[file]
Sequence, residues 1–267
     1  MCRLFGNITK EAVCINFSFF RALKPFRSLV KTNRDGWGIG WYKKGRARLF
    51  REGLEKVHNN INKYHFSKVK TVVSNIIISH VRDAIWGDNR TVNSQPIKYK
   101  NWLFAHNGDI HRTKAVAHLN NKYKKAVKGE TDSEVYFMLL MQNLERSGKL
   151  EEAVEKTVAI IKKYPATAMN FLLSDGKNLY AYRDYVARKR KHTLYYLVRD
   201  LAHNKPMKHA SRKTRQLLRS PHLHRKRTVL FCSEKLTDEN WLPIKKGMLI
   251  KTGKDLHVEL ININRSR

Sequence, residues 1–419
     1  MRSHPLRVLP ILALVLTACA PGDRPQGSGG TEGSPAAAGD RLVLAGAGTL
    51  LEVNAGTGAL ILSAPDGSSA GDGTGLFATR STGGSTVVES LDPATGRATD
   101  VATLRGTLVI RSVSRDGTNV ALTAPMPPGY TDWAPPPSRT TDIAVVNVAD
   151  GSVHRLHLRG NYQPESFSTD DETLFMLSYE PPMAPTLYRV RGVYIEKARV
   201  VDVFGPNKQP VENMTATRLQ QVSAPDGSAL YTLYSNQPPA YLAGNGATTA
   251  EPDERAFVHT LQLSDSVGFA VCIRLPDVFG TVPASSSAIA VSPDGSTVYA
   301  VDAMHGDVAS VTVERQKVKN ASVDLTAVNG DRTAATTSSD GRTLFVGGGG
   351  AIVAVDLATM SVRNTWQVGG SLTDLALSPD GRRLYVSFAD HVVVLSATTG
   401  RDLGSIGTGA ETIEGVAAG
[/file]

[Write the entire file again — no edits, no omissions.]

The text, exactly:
Sequence, residues 1–267
     1  MCRLFGNITK EAVCINFSFF RALKPFRSLV KTNRDGWGIG WYKKGRARLF
    51  REGLEKVHNN INKYHFSKVK TVVSNIIISH VRDAIWGDNR TVNSQPIKYK
   101  NWLFAHNGDI HRTKAVAHLN NKYKKAVKGE TDSEVYFMLL MQNLERSGKL
   151  EEAVEKTVAI IKKYPATAMN FLLSDGKNLY AYRDYVARKR KHTLYYLVRD
   201  LAHNKPMKHA SRKTRQLLRS PHLHRKRTVL FCSEKLTDEN WLPIKKGMLI
   251  KTGKDLHVEL ININRSR

Sequence, residues 1–419
     1  MRSHPLRVLP ILALVLTACA PGDRPQGSGG TEGSPAAAGD RLVLAGAGTL
    51  LEVNAGTGAL ILSAPDGSSA GDGTGLFATR STGGSTVVES LDPATGRATD
   101  VATLRGTLVI RSVSRDGTNV ALTAPMPPGY TDWAPPPSRT TDIAVVNVAD
   151  GSVHRLHLRG NYQPESFSTD DETLFMLSYE PPMAPTLYRV RGVYIEKARV
   201  VDVFGPNKQP VENMTATRLQ QVSAPDGSAL YTLYSNQPPA YLAGNGATTA
   251  EPDERAFVHT LQLSDSVGFA VCIRLPDVFG TVPASSSAIA VSPDGSTVYA
   301  VDAMHGDVAS VTVERQKVKN ASVDLTAVNG DRTAATTSSD GRTLFVGGGG
   351  AIVAVDLATM SVRNTWQVGG SLTDLALSPD GRRLYVSFAD HVVVLSATTG
   401  RDLGSIGTGA ETIEGVAAG